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Expecting Someone Taller by [Holt, Tom]
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Expecting Someone Taller Kindle Edition

4.6 out of 5 stars 36 customer reviews

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Length: 224 pages Word Wise: Enabled Enhanced Typesetting: Enabled
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Product Description

Book Description

From one of the best-loved comic writers in fantasy fiction comes another absurdly witty title - perfect for fans of Douglas Adams or Terry Pratchett

About the Author

Tom Holt has been a full-time writer since 1995 and has produced some of the most popular comic fantasy of the last decade including Little People, Falling Sideways and Nothing But Blue Skies.

Product details

  • Format: Kindle Edition
  • File Size: 562 KB
  • Print Length: 224 pages
  • Publisher: Orbit; New edition edition (5 Nov. 2009)
  • Sold by: Amazon Media EU S.à r.l.
  • Language: English
  • ASIN: B002TXZT3O
  • Text-to-Speech: Not enabled
  • X-Ray:
  • Word Wise: Enabled
  • Enhanced Typesetting: Enabled
  • Average Customer Review: 4.6 out of 5 stars 36 customer reviews
  • Amazon Bestsellers Rank: #139,237 Paid in Kindle Store (See Top 100 Paid in Kindle Store)
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Customer Reviews

4.6 out of 5 stars
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Top Customer Reviews

Format: Hardcover
Working from the premise that the world gets the kind of Gods it deserved, this is a great read - tantalisingly realistic and frighteningly true to life.
From the death of Ingolf the last of the Frost Giants of the elder age to the fall of Valhalla the story buzzes with the brilliance of well planned plots racing towards a shatterring conclusion that leaves a warm feeling in the hearts of the readers.
Don't be put off by this review, read it yourselves and come to yoour own conclusions.
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By A Customer on 1 Dec. 2001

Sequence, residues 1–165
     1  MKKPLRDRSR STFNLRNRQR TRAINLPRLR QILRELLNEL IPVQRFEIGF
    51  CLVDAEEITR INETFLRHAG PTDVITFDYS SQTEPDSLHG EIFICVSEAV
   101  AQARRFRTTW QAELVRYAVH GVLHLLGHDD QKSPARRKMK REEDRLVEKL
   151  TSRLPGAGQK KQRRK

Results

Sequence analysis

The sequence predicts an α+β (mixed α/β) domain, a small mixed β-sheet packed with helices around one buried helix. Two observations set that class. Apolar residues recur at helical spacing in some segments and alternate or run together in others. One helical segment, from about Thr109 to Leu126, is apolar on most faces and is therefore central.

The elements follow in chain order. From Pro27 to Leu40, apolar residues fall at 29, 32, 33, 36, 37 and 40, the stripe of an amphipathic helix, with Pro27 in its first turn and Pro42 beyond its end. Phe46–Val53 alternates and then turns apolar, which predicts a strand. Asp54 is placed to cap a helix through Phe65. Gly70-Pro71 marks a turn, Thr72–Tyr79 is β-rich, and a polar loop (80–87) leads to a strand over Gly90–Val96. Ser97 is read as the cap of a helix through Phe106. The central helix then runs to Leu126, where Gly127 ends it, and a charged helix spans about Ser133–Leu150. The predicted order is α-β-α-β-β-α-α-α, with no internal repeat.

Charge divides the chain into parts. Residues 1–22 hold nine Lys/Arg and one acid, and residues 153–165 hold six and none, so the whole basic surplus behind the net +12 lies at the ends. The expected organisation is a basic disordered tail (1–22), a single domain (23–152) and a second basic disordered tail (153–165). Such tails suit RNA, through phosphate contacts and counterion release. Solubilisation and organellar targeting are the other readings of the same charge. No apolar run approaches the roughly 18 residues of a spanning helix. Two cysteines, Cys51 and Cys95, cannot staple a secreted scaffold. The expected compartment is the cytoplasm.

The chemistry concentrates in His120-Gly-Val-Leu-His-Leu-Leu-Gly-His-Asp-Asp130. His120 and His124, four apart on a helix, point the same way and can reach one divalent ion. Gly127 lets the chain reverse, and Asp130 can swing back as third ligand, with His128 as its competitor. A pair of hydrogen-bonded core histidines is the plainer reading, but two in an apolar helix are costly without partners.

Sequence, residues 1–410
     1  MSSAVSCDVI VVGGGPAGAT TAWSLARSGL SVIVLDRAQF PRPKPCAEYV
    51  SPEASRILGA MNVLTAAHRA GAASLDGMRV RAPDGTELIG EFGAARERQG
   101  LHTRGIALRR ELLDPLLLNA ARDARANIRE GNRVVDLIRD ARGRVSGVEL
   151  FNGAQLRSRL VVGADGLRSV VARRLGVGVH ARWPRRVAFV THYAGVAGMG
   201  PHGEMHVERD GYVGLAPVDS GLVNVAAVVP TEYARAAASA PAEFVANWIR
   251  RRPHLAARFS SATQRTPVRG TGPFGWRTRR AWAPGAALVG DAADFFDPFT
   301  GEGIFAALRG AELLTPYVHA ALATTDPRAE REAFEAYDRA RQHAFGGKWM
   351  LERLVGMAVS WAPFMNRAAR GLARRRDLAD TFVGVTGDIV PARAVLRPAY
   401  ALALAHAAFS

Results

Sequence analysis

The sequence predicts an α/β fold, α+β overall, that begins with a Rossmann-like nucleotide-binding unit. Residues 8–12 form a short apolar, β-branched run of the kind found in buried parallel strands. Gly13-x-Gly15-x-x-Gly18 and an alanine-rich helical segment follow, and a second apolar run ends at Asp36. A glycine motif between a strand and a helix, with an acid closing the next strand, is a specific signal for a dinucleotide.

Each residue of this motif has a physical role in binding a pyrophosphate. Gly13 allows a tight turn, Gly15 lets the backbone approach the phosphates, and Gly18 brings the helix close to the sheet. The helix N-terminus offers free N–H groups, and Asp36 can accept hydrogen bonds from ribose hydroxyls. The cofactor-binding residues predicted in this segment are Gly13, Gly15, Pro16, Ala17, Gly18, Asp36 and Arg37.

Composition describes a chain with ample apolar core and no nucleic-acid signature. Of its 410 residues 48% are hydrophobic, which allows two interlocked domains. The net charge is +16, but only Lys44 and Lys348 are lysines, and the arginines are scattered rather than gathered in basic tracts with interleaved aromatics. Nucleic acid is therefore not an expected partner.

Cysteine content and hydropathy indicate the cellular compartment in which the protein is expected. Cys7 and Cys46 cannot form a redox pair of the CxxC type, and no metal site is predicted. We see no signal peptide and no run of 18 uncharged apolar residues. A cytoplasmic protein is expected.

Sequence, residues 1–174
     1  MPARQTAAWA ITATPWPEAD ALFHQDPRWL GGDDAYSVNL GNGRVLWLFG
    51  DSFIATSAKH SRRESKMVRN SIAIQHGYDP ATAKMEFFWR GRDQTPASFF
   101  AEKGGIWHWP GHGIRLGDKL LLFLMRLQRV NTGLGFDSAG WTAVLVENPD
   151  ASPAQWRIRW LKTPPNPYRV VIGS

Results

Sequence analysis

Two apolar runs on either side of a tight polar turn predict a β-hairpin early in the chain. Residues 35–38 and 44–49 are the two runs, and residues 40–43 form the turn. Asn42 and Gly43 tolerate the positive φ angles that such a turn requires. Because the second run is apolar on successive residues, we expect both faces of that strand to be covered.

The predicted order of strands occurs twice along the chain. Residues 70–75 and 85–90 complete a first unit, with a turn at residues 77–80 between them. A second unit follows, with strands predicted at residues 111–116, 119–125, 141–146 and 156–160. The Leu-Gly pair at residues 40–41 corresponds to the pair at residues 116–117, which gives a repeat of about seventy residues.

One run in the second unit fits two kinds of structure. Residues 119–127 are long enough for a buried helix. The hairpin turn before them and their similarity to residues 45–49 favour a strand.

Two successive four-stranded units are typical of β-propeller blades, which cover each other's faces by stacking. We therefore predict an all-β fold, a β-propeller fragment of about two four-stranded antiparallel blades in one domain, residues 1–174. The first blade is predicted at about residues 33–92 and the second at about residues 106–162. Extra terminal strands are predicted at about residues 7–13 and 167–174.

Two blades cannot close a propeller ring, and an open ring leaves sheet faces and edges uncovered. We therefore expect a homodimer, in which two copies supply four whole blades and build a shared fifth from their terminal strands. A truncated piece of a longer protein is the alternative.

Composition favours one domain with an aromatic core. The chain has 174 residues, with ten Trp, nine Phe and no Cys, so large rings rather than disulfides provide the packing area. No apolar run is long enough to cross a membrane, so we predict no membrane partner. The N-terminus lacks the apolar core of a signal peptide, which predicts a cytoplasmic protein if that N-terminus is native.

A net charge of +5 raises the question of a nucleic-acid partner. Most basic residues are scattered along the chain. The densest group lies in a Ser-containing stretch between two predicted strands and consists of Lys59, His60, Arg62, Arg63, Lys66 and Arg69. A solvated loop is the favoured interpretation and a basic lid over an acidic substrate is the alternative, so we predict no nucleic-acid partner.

Format: Paperback
This was the first Tom Holt book I read, and I still think it is one of the best. It is very funny. If you like Terry Pratchett, you will probably like this, as it twists reality in a simliar kind of way.
Although I know nothing of Opera, I appreciated the characters and situations were based on existing myths, and this seemed to add to the whole book.
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Format: Paperback
This was the first Tom Holt book I read and still think it is the best. Basically - boy meets badger, badger becomes giant, giant dies, boy meets a whole load of other Wagnerian characters (Gods, demi-gods and Valkyries). Then boy meets girl... etc. A good romp through the Ring Cycle - you don't need to like opera to understand what's going on. A slightly warm, slushy ending - but what the h*ll, after the end of the world it's what we need.
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By A Customer on 30 Jun. 2004
Format: Paperback
In essence the fantasy comic books of Tom Holt range from vaguely amusing to very funny on a scale of 0-100 they range from 40-95 (he's still not managed 100% in my opinon <yet>) This is a 95% book. An ordinary person (you might say very ordinary) effectively becomes part of the story that is told in Wagner's ring cycle. How he copes with it, is the topic of this book.